New Delhi: Narendra Modi is the first prime ministerial candidate to stand in the 3,000-year-old city, where one in six voters are Muslim.
Varanasi is an ancient centre of Buddhism; Hindus believe that to die here brings salvation by escaping the cycle of reincarnation.
A triumph in the city - one of 41 seats in Uttar Pradesh, Bihar and West Bengal which are voting on the final day of India's five-week general election - would crown a gruelling campaign by the 63-year-old chief minister of Gujarat to lead his Bharatiya Janata Party (BJP) back to power after a decade in opposition.
Campaigning mainly on promises to create jobs and restore India to a path of high economic growth, Modi - whose critics accuse him of harbouring Hindu supremacist views - has largely steered clear of religion.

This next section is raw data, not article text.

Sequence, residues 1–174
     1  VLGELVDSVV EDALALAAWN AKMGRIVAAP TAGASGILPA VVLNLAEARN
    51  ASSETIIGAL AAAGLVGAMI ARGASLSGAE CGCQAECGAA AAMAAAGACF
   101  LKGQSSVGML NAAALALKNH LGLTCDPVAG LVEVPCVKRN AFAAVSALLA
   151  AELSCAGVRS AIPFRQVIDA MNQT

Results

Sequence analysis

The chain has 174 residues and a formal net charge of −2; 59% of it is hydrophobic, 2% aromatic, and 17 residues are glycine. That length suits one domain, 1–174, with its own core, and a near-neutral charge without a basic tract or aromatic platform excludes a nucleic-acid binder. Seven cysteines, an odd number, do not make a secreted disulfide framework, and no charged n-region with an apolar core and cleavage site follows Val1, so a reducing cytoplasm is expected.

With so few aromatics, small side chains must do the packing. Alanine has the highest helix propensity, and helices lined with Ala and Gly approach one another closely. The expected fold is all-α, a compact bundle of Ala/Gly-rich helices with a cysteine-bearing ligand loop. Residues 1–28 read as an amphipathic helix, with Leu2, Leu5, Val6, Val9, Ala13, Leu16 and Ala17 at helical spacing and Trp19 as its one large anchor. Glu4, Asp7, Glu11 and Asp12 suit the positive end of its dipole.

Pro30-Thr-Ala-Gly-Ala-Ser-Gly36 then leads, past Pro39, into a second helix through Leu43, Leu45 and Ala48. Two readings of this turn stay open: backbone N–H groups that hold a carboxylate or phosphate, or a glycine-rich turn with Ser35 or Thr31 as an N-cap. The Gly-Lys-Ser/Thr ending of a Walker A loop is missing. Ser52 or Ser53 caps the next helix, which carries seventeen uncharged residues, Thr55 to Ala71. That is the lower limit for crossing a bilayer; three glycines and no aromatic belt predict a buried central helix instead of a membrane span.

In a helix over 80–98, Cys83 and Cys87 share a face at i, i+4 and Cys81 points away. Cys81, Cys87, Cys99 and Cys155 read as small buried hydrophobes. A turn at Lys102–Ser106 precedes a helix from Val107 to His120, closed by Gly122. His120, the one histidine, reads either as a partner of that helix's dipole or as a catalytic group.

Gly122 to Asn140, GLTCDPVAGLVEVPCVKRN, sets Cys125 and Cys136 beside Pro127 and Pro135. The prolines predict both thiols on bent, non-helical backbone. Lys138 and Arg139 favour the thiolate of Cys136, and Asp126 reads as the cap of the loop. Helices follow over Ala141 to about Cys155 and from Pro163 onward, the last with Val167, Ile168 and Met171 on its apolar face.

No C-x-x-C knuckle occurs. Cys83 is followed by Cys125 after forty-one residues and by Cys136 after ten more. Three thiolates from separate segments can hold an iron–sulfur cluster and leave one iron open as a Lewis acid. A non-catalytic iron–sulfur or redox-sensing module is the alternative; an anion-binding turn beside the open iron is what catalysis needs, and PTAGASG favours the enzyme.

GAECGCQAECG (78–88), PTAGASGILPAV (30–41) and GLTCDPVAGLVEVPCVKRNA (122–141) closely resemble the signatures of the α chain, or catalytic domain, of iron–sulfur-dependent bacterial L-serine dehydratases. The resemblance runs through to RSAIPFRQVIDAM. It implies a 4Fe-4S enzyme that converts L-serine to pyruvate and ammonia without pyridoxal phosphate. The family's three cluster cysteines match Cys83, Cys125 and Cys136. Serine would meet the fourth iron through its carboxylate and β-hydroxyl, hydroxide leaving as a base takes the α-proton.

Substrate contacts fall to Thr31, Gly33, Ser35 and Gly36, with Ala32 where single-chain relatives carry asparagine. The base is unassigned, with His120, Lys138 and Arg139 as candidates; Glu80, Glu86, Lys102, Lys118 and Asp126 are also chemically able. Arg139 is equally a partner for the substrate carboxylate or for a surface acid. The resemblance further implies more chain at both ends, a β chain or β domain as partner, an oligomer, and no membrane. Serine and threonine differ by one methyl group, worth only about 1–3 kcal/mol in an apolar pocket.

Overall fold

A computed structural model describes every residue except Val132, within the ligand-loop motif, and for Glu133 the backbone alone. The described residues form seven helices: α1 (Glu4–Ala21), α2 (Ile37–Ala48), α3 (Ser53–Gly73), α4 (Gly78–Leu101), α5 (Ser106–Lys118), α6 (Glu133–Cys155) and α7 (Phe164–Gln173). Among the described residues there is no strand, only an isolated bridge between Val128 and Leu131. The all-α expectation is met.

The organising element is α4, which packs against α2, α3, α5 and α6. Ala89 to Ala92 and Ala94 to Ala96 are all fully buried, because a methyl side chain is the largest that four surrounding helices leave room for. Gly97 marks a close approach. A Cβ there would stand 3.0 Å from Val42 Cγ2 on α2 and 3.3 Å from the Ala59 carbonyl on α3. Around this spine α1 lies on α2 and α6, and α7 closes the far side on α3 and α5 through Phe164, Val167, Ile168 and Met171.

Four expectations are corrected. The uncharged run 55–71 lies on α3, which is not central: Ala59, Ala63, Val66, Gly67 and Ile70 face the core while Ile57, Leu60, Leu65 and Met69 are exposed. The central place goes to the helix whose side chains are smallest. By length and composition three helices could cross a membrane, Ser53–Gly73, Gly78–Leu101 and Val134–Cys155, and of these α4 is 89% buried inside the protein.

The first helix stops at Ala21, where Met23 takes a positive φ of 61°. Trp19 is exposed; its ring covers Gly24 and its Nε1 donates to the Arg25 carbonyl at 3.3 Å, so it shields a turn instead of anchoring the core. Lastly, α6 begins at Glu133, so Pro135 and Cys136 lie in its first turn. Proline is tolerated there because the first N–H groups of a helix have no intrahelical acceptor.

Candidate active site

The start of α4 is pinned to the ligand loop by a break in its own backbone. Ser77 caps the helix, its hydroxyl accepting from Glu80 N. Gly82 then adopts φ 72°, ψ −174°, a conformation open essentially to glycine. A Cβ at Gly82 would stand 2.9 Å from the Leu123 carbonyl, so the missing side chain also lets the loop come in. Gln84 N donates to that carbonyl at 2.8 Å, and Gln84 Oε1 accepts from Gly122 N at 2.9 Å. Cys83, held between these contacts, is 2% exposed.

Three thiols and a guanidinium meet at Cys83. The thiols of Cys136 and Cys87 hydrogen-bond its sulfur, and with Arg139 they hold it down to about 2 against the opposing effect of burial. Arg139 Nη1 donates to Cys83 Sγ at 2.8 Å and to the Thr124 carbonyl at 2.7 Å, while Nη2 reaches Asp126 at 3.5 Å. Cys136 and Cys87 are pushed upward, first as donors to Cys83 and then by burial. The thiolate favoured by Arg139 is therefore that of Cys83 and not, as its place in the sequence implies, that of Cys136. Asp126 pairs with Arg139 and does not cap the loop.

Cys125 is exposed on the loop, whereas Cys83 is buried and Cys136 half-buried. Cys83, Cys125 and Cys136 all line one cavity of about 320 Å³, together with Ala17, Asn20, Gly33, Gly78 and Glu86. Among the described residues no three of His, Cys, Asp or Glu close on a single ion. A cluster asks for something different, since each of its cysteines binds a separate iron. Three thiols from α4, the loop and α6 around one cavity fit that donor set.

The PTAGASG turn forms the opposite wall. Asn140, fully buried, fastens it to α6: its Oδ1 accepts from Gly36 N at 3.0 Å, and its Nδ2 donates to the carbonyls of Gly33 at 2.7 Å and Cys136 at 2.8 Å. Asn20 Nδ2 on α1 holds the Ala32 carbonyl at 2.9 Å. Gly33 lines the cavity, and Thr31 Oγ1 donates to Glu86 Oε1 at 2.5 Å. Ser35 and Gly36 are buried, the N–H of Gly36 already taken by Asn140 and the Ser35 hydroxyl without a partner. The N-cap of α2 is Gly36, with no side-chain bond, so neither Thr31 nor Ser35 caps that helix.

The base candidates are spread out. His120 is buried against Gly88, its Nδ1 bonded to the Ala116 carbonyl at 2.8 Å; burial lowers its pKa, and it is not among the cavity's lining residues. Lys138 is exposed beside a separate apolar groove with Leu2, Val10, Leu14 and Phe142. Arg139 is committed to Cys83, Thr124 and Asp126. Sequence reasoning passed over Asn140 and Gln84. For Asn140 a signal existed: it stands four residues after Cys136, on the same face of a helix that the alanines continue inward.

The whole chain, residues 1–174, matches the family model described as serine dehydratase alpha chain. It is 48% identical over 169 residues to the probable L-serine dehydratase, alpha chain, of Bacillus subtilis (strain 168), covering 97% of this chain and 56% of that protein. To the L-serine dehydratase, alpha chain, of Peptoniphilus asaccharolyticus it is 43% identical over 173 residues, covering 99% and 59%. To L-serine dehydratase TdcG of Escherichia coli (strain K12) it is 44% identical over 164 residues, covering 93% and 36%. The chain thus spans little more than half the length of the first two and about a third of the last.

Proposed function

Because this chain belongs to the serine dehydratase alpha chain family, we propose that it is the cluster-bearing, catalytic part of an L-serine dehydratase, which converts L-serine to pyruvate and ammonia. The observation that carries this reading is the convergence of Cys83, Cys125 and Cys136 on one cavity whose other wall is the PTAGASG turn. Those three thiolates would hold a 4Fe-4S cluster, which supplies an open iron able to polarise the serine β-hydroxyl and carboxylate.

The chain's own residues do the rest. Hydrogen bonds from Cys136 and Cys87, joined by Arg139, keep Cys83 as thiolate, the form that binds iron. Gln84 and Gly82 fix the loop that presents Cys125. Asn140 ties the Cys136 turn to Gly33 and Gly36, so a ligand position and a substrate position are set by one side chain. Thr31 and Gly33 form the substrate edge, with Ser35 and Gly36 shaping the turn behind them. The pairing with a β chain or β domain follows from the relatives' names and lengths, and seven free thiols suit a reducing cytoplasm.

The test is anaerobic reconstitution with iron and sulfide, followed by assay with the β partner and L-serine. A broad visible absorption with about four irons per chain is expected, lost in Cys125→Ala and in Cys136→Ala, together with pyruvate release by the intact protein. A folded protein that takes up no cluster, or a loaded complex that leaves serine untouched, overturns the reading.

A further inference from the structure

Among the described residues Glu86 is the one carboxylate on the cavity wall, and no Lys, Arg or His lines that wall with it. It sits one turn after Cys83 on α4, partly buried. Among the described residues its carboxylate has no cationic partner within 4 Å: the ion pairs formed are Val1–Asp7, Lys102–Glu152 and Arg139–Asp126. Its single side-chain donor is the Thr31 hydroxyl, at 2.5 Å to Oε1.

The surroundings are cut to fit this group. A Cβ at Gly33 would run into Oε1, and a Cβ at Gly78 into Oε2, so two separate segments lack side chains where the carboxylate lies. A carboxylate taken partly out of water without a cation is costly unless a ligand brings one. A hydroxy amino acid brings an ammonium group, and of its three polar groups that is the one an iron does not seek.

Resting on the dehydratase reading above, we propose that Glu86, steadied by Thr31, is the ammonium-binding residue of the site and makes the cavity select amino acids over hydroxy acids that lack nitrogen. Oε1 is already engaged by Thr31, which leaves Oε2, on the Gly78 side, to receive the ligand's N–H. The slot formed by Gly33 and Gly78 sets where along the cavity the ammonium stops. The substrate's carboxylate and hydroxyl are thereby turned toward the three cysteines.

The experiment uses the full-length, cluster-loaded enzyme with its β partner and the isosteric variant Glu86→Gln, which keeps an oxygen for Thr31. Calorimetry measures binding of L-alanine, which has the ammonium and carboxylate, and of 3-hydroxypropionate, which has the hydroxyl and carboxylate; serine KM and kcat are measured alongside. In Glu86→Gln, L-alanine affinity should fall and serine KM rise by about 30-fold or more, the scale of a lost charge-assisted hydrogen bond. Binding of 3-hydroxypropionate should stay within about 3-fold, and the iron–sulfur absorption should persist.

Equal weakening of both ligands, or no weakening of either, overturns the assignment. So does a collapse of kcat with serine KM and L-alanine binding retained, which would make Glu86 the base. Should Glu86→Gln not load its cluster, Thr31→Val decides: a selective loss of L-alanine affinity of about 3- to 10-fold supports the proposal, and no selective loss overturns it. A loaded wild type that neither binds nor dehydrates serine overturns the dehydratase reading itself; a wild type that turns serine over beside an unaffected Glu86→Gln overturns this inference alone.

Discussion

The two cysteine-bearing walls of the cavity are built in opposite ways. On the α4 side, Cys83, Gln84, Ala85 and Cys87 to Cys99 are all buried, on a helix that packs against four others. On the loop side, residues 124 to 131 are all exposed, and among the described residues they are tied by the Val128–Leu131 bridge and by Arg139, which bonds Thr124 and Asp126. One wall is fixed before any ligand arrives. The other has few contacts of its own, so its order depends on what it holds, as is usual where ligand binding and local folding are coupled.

His oratory skills and high-tech campaign have made him a solid favourite in opinion polls to unseat the Nehru-Gandhi dynasty from New Delhi - and easily take Varanasi.
Modi "will win the election from this Varanasi constituency with a large majority", BJP President Rajnath Singh told reporters as campaigning wrapped up at the weekend. All other candidates would "lose their deposits".
Congress, which has lost popularity after a string of corruption scandals and a sharp economic slowdown, promises to extend welfare policies that helped it sweep into a second term five years ago.